Feature: The Legend Of 'Fatty' Foulke
Not for a minute am I suggesting Frome invest in a new goalkeeper, it frankly would be unnecessary and a waste of money, a bit like eating 11 breakfasts, really.
Born in 1874, Fatty Foulke, or William Henry Foulke had a busy career with spells with clubs such as Sheffield United, Chelsea and Bradford. His ‘aggressive’ playing style while partnered with his large frame between the sticks was most effective and earnt many plaudits.
During this time, the UK housed around 35,000,000 people with an average height of under 5ft 9inches, meaning Foulkes height not only meant he was instantly recognisable, but also set him in good stead with a larger wingspan than other keepers, and an ability to smash goal kicks further than any of his counterparts at the time.
Credit: Ninian Reid, Flickr. Image labelled for reuse.
Born and raised in Dawly, Shropshire, impressive performances from the much raved about teen at the time for local club Blackwell Miners’ Welfare FC, saw a £20 (£2,500 approximately today in comparison) to Sheffield United sealed. Over 11 seasons at Brammal lane much success was seen with the big man in goal, including two FA cup triumphs and a first division title win.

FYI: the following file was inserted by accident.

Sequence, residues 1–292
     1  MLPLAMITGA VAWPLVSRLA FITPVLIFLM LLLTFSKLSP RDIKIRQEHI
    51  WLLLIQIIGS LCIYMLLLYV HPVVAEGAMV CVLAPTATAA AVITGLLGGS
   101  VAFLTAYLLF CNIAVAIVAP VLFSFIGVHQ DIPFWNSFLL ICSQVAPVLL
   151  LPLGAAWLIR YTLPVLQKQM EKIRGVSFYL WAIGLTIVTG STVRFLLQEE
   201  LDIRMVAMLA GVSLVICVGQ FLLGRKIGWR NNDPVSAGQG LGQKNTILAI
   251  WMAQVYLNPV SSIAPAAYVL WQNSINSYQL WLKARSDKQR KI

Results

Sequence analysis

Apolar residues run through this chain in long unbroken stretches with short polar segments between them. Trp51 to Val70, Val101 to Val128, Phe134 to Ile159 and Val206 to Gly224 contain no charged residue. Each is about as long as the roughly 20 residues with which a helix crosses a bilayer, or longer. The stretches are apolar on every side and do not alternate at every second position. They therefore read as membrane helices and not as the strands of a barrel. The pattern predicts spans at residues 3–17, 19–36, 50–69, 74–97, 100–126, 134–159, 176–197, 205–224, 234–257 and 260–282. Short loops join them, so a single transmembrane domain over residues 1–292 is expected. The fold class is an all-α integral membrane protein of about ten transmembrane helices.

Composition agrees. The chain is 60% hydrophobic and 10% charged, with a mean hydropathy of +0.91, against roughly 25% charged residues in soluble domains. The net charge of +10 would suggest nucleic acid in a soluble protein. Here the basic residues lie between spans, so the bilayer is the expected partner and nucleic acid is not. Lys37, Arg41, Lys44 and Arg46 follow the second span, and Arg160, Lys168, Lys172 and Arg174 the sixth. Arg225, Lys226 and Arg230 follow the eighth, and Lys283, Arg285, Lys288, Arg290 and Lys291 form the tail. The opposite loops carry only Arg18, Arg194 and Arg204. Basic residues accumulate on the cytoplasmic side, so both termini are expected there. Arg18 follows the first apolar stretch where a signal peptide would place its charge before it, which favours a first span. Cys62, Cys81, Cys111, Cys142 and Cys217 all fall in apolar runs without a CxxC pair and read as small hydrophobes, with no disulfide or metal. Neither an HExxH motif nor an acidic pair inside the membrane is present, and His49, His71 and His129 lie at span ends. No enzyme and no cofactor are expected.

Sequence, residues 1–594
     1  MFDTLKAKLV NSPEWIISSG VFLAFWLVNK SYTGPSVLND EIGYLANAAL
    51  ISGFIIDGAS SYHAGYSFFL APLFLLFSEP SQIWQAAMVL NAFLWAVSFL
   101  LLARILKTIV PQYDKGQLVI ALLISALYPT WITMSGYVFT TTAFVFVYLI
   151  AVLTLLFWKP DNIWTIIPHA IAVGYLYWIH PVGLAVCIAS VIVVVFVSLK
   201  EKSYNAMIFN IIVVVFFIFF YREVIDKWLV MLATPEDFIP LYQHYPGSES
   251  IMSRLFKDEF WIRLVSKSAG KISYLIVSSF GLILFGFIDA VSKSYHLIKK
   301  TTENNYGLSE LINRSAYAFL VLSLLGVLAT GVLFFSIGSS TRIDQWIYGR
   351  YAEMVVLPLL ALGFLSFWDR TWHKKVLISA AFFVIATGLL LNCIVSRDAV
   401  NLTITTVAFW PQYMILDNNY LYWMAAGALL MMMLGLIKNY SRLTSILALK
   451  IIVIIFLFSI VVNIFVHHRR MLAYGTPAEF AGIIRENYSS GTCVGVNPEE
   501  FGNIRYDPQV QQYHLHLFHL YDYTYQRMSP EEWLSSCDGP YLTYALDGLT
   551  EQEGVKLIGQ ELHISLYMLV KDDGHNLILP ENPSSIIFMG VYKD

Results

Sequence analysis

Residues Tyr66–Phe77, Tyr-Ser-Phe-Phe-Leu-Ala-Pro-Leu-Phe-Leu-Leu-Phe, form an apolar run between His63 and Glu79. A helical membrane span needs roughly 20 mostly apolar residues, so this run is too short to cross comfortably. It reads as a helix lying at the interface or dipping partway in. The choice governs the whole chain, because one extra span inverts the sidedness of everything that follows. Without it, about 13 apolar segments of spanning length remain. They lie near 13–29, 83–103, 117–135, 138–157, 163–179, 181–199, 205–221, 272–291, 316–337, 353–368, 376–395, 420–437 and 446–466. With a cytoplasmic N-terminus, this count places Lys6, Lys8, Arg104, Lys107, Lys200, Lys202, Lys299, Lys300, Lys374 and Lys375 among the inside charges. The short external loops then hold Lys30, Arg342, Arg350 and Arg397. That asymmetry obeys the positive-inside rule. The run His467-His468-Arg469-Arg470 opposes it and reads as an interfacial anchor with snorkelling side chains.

His legend however grew with his size more than his achievements on the pitch, one of his most infamous tales shines light on Foulke allegedly sneaking into his teammates dining room at the hotel they were staying at before polishing off all 11 breakfasts.
Another golden tale followed the 1902 FA Cup final which saw United concede a questionable late equaliser to Southampton, enraging Foulke who, while dripping naked from a shower shortly before hand, broke into referees quarters before ripping off a cupboard door to expose a shaking, cowering referee seeking refuge inside.
His fame growing, a move to a London club was always on the cards for Foulke, which came in the form of Chelsea blue. Chelsea were a club known for utilising a strong PR presence, so even though (due to homesickness) Foulkes stay only lasted a year, he had a significant presence, further supported by a spike in attendances when he played.
It’s even been said that Chelsea would organise small children to be placed behind the goal, to further show off Foulkes unique figure, something with allegedly would later become the modern-day ball boy.
Foulkes career would come to a close with one final season with Bradford, before he would retire with a knee injury. His later years prompted myths of him living out his days in Blackpool, saving penalty shots from holiday makers on the beach. Really, they were in Sheffield where he owned a beer shop and could be seen around the town in custom suits, one of which detailed his FA Cup medal engraved on a pocket chain.
A true legend of the sport.